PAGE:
Despite what many might think, GNU / Linux Operating Systems currently have excellent support for a wide range of games of different qualities, including the best graphic quality and reputation. This, thanks to excellent applications such as Steam, among many others, such as GameHub.
Specifically, GameHub is an application that among many things works as one unified library for all our games, in addition to allowing you to view, download, install, run and uninstall games from compatible sources.
Currently, on its official website, GameHub is available in a stable version (master) number 0.15.0-1 and a development version 0.15.0.35-dev. Stable versions are released when new features are implemented and work without known issues. Stable versions generally do not contain most of the recent features and enhancements. Whereas, the development versions of GameHub They contain new features and enhancements that are under testing or experimentation.
Comes in different installable file formats that facilitate its implementation on the most diverse GNU / Linux Operating Systems. The current downloadable formats are ".Deb, flatpak and appimage". And also, it can be installed via repositories, previously configured, except in the GNU / Linux Distro Pop! _OS, since it is available for installation there.
Table of Contents
- It supports non-native games as well as native Linux games.
- Supports multiple layers of compatibility for non-native games, such as: Wine / Proton, DOSBox, RetroArch, and ScummVM. It also allows adding custom emulators.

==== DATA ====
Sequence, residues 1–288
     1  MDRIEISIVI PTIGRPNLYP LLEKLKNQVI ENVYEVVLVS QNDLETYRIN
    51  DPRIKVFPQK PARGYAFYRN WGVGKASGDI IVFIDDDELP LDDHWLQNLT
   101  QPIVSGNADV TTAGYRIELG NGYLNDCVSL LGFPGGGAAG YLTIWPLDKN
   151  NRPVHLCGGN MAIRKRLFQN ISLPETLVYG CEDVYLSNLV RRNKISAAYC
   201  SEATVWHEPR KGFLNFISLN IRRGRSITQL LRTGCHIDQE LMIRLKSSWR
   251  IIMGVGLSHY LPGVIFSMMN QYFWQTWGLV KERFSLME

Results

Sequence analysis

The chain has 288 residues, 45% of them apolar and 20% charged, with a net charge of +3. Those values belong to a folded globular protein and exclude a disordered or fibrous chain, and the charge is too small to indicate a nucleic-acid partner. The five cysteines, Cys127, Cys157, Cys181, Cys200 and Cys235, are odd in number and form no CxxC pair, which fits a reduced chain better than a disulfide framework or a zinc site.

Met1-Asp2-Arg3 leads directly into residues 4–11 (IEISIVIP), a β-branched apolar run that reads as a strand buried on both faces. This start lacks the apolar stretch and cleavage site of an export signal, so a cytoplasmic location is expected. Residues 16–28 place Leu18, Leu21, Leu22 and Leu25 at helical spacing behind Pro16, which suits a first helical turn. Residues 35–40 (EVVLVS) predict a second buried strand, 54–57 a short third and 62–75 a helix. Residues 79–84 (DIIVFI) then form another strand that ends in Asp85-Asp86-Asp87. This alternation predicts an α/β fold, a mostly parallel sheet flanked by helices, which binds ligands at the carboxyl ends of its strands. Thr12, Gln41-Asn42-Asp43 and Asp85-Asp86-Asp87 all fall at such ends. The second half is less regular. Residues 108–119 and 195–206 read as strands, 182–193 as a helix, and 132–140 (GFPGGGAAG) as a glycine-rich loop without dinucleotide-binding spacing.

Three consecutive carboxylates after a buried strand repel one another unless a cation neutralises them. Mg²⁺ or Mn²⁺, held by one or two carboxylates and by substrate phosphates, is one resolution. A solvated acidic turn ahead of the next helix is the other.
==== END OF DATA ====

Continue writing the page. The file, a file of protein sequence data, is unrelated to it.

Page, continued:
- It supports WineWrap, which is a set of preconfigured wrappers for supported games.
- Supports multiple game sources and services: Steam, GOG, Humble Bundle, and Humble Trove.
- Allows you to add (manage) locally installed games.
- Makes it easy to store and manage your DRM-free game collections.
- It makes it easy to download installers, DLC, and bonus content from certain online platforms.
- Finally, among other things, it enables the overlays of interchangeable file systems (filesystem overlays). Therefore, it allows you to install, uninstall, activate and deactivate the DLC or Mods without replacing the game files at any time. Since each overlay is stored separately and does not affect the other overlays. And in such a way that all changes to the game files are stored in a separate directory and easy to revert.
As we stated before, it can be installed in different ways via repositories and packages, in very simple ways, and very well explained in its official website. For the case study, which concerns us, the installation was carried out via Terminal (Console), in a MX Linux 19 Distro (DEBIAN 10), where the Steam gaming platform was previously installed.
The procedure was as follows:
add-apt-repository ppa:tkashkin/gamehub apt-key adv --keyserver keyserver.ubuntu.com --recv-keys 32B600D632AF380D apt update apt install com.github.tkashkin.gamehub
These command orders, allowed to add the official repository, add the repository key, update package lists of all current repositories and install GameHub from the previously added repository.
Screenshots of the installed application
Note: Although GameHub I perfectly identify my user session of Steam, and download and install Proton 4.2 and Proton 5.0, through Steam, they do not execute correctly, although I am sure that, it must be a problem between Steam and my GNU / Linux Distro, do not give GameHub.
For more information on GameHub its official site can be visited at GitHub, or explore alternatives to it, such as lutris to Linux and o GOG, LaunchBox, Photon, Playnite to Windows. Plus Steam for both platforms.
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